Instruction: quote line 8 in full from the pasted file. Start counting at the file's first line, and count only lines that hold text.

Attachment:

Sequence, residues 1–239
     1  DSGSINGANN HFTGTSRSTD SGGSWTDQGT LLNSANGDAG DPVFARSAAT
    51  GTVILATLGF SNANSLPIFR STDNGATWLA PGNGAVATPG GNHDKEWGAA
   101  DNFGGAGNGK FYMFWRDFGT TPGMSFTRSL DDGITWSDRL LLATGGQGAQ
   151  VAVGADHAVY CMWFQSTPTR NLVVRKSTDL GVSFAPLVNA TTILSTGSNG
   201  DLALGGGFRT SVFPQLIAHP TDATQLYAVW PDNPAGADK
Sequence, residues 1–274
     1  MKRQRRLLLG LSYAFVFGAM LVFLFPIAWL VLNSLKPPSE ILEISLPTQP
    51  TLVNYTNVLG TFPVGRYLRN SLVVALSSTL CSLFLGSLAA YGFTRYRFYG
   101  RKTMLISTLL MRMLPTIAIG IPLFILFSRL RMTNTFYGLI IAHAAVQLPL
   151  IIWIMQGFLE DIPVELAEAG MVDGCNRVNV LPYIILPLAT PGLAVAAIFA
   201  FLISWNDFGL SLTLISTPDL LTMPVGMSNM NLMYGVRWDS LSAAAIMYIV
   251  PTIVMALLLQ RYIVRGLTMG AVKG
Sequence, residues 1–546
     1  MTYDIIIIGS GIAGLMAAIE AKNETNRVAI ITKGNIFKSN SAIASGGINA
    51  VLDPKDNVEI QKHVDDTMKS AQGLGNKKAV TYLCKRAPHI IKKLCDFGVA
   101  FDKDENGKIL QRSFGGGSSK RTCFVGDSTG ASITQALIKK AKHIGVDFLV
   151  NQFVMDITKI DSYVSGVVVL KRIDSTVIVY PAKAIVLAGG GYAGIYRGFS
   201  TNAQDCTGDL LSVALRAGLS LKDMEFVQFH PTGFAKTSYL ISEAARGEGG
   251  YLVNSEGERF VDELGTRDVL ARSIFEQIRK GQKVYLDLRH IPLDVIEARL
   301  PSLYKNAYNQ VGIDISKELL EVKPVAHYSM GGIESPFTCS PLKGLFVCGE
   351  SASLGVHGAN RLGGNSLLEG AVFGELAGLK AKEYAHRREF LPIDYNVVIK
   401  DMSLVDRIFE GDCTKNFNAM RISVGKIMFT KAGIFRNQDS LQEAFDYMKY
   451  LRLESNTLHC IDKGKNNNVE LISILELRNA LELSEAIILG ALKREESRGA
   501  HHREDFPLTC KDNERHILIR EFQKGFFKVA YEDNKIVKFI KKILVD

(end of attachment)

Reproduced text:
     1  MKRQRRLLLG LSYAFVFGAM LVFLFPIAWL VLNSLKPPSE ILEISLPTQP